AGF: I totally agree, because I think we need to tell our own story. But having said that, there is another layer that we also have to put in this, which is that Africa must value African culture. Africa must value African tradition. Africa must value Africa, period. For example, one area that I have been able to witness closely is traditional medicine. If you look at the way India and China, for example, have addressed this is that they got government support to say, “OK, yes, we believe this is part of our heritage and our culture. We’ll go along with it.” What did you see last year? The Nobel Prize was awarded to China for having developed one product against malaria. Now, how many such plans do we have on the continent? How much value do we add to this? I think what we have to do now is use available technology to tell our own story and to value our past, our history, and our tradition. I think increasingly, and this may sound a bit bombastic, but we have to increasingly say, “We are African,” as opposed to saying, “We are from Botswana. We are from Nairobi.” We are African. We have a common culture. We have a common heritage, and this is us. This is where we come from, and this is something that has to be told to our kids, because they are still aping other cultures. They are still aping other values, and this is something that has to be taught effectively in our education system, and we need to be proud to be Africans.
AGF: I was very interested in sciences from a young age because I had motivated teachers who managed to actually infect me with the virus of science. When I finished my A-level high school, I visited the career officer and he looked at me and said, “Why do you want to study chemistry?” I said, “Well, I find it fascinating. Chemistry has all the answers to my questions. It may be a stupid question, but it can explain why the sky is blue, why the plant is green, so I want to study chemistry.” He said, “I would not advise you to study chemistry because, first of all, you are a girl, and the second thing is that when you come back, there will be no job for you because we don’t need scientists, especially women scientists.” I went home and my father asked how the meeting was. I told him but said, “I’m still going to do sciences.” I still did it because I was passionate. We have all these stereotypes that science is for boys. Last Women’s Day, for example, in Mauritius we asked young girls to name female innovators and female scientists who have made it in the world. Nobody could give a name. Nobody knew about Marie Curie; no one could tell who Rosalind Franklin was. If we are going to make quantum leaps in actually bringing girls on board to study science, we need to work on removing stereotypes.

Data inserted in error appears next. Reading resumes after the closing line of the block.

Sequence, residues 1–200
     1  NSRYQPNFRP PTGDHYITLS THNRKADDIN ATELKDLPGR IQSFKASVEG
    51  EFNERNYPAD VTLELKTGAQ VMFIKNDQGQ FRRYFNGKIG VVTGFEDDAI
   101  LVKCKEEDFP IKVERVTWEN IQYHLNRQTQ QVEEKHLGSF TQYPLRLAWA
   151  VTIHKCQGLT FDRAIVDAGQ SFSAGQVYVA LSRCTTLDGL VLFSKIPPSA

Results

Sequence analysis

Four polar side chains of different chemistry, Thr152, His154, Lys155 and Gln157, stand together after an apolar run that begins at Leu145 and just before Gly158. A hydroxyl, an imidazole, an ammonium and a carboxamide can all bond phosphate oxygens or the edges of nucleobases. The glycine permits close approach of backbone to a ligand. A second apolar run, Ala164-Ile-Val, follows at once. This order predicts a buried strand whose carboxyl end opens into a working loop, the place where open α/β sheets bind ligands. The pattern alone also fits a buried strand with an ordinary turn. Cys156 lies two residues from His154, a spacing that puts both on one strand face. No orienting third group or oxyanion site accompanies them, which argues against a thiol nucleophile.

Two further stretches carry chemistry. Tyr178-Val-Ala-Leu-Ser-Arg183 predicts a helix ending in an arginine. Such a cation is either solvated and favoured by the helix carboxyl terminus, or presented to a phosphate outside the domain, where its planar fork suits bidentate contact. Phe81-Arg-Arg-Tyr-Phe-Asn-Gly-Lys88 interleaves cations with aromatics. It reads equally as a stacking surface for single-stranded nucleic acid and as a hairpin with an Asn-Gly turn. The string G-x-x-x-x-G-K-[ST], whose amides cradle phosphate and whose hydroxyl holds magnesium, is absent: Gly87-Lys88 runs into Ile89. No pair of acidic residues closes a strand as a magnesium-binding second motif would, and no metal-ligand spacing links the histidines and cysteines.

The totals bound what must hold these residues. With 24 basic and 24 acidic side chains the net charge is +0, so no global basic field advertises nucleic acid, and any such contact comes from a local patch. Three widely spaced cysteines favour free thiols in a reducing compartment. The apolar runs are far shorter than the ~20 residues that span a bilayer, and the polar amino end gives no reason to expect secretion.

OO: My own story, interestingly enough, started at home. My father had two daughters and lots of pressure from the family, both on him and my mom, to keep going until they had a son, but he was perfectly happy with two daughters. That’s one of the reasons that I haven’t changed my maiden name. My father was George Okolloh. He was quite adamant, and the phrase he used was, “What boys can do, girls can do better.” Now, as I’m a mother of three daughters, I’m just realizing how invaluable your home surrounding is. We still struggle with the invisibility of female accomplishments; it’s so stark. Even up until a few years ago, I would avoid women’s conferences and women’s panels. I would run away from them because I wanted to be recognized in my own right and not as a woman. Now, as I am getting wiser and older, I am starting to appreciate why such forums are important, why having visibility not just as an African in tech, but as an African woman in tech, is important. I’m sort of embracing my position as a role model in different ways because it is only by seeing how other people have done it that you can believe that you can do it.
This conversation has been condensed for publication. A version of this article originally appeared in the July/August issue of FP magazine.
Photos: Courtesy of Ameenah Gurib-Fakim and courtesy of Ory Okolloh